|Siem Reap, Cambodia|
Sure enough, the boy who'd greeted me rattled off President Obama's name, the U.S. and California capital cities, (former) Governor Schwarzeneggar's name and even a couple of quotes from the Terminator movies. I laughed and kept walking.
"Hey lady, I remember you, I talked to you yesterday!" the boy said, unexpectedly. I stopped and looked at him, then smiled. "You're right, I remember you too!"
"So today you buy my postcards, eh? Yesterday no, but today yes?" I looked at the cards but realized I had bought the same set the day before outside Angkor Wat's Ta Prohm, from a girl no more than five years old who broke my heart when she said she hoped I would buy her postcards because she wanted to go to school.
"I'm sorry, I already have these ones," I said, feeling regretful and wondering if I should buy a second set - I genuinely liked this kid.
After a brief pause, he said, "I'm still hungry today, maybe you could buy me some food instead?" My heart cracked again and, after my own brief pause to consider the idea, I said, "Sure, what do you want to eat?"
"This way, I'll show you," he said, leading me down another alley and making me momentarily consider the potential folly of following a stranger - even a friendly, juvenile one - through the streets of a Southeast Asian city I didn't know particularly well.
"My name is Pau Thom," he said, practically skipping as his friend and I walked alongside, "what's yours?"
"Jessalyn," I answered, pronouncing it slowly.
|The Siem Reap alleyway Pau led me down|
(which, consequently, I'd taken a photo of an
hour earlier) in search of his favorite chicken amok.
I laughed and restrained the urge to rumple his hair as I would have done to my niece. "And I'll remember you whenever I think about Siem Reap."
We grinned at each other as we crossed a street and approached a small restaurant with tarps pieced together serving as a roof and a plastic-coated menu sitting on a rickety pedestal outside. Pau flipped through it, then pointed to a chicken amok dish. "That's what I want to eat."
"Okay," I said and asked the waitress to bring him an order of the dish, along with a Coke when he said that was what he wanted to drink. Pau's friend slipped away before I could ask what he wanted, but Pau got settled at a table and I paid the waitress for his meal (which cost all of $3.00, U.S.). He looked small and more than a little lost at the four-person table by himself, completely out of his element - happy about it in some ways, since he was clearly hungry, but not quite sure what to do with himself while he waited for his meal. I wanted to sit and keep him company but was already past the time I should have been heading back to my guesthouse to finish packing and head to the airport, so instead I told him I had to leave. He gave me his crooked, sunny smile and waved, "Bye, Jessalyn-California!"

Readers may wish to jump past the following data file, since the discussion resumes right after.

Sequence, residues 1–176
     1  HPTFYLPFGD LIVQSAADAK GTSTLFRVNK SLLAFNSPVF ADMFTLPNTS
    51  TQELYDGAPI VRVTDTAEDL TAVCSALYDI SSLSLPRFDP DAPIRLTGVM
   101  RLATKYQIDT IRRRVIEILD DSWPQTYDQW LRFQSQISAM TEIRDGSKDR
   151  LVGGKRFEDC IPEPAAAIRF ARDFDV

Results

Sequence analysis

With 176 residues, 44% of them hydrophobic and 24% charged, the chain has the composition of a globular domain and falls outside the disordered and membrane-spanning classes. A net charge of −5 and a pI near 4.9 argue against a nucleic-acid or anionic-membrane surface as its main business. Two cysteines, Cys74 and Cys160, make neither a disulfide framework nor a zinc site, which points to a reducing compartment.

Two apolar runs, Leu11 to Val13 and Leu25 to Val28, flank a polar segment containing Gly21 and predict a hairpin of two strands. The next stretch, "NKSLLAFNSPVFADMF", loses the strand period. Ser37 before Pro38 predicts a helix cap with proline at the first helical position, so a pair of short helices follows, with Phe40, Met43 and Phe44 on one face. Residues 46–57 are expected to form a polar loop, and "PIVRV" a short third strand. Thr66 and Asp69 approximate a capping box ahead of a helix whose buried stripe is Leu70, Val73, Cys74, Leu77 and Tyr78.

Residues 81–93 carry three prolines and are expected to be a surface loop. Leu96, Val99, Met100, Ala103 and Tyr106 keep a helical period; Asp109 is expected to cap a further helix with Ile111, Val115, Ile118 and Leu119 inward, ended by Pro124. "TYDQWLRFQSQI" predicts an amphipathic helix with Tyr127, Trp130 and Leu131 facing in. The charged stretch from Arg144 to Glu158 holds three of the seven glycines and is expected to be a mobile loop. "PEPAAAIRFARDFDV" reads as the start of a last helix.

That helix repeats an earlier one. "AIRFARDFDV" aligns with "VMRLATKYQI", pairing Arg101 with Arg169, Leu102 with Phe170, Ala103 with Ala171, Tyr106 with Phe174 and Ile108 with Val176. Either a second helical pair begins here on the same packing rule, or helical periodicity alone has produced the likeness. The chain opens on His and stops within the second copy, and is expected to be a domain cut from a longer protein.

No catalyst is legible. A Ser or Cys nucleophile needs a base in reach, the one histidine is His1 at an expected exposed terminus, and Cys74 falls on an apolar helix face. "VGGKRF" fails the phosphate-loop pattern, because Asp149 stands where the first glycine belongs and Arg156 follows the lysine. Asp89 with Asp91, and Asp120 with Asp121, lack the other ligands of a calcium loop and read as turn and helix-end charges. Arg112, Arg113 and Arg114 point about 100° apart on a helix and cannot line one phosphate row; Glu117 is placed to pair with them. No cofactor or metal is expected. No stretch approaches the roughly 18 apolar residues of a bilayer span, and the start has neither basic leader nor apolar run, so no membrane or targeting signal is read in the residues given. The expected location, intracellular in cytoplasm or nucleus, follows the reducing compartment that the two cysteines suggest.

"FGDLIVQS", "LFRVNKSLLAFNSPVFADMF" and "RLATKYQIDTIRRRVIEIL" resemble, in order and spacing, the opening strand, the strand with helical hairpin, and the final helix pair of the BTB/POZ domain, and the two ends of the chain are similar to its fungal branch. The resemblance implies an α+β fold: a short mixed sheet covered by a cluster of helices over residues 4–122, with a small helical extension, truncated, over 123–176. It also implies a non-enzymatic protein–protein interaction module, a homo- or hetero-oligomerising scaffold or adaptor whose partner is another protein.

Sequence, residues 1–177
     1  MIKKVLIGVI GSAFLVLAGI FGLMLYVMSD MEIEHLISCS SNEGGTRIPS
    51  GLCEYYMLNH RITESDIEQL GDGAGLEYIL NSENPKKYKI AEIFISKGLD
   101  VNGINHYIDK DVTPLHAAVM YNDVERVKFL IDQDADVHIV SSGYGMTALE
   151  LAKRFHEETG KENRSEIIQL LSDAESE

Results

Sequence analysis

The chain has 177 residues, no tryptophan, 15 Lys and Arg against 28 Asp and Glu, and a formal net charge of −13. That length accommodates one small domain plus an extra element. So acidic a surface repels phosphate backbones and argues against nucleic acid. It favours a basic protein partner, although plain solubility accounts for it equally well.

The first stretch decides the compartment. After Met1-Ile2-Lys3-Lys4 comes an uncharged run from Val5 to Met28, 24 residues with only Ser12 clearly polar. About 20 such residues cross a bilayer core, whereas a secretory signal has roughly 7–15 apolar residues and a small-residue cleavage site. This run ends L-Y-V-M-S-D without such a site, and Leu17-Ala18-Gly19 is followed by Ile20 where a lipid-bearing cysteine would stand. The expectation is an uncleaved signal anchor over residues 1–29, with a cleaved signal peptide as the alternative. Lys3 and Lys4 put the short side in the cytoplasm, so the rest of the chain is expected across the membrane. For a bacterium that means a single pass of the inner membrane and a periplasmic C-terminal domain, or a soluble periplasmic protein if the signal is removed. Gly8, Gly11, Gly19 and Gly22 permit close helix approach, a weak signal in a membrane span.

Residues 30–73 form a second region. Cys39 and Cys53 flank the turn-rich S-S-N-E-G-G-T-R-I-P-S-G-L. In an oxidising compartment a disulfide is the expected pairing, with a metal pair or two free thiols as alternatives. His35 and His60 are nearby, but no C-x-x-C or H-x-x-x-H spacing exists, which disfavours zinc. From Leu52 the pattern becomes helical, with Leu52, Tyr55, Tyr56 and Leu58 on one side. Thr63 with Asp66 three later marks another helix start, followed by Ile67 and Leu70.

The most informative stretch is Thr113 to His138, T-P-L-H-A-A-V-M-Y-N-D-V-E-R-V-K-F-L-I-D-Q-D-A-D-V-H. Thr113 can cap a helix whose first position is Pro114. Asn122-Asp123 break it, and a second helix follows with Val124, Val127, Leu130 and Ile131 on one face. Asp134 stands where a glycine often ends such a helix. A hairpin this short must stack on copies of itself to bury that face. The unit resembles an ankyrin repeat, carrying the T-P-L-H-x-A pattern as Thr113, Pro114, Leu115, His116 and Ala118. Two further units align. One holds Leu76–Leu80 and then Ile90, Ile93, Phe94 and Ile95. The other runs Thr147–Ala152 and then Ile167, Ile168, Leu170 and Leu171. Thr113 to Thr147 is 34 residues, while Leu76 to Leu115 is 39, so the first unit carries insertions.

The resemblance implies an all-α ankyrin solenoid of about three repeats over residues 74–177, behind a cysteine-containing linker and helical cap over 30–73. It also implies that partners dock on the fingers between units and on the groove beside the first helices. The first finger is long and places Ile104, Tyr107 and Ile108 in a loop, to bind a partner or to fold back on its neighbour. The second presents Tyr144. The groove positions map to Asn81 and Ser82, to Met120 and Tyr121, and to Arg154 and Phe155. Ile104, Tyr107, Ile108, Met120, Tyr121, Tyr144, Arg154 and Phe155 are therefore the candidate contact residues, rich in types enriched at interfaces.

I smiled and waved back, murmuring "Bye Pau," knowing I was leaving a little piece of my heart behind as I walked away, but glad to carry the memory of that crooked smile and sunny disposition with me as I moved on.
There are hundreds of children in the same position as Pau on the streets of Siem Reap and Angkor Wat, not to mention thousands throughout the rest of Cambodia. Some of them are bitter after years of watching foreigners come and go who are never hungry and don't lack for anything; most of them are resigned; and some of them, like Pau, are cheerful despite the hardships they face and, whether they know it or not, bring smiles to the faces of the people they interact with every day. Some people may question my decision to buy Pau a meal and that's fine - for me, it was a way to help that didn't involve simply handing over money (which, once I'd declined to buy his postcards, he didn't ask for anyway), since that's something I try not to do. Pau made my day significantly brighter and I hope that I was able to do the same for him in some measure.
My one regret is that I didn't get a picture of that cheerful, charmingly crooked smile of his. I'm still painfully shy when it comes to asking people I meet while traveling if I can take their picture and, while it doesn't affect my memories, it does have an impact on the degree to which I can share those memories with you. Hopefully by the next time I meet someone like Pau, I'll have overcome my shyness enough to ask if I can take a quick snapshot to remember them by.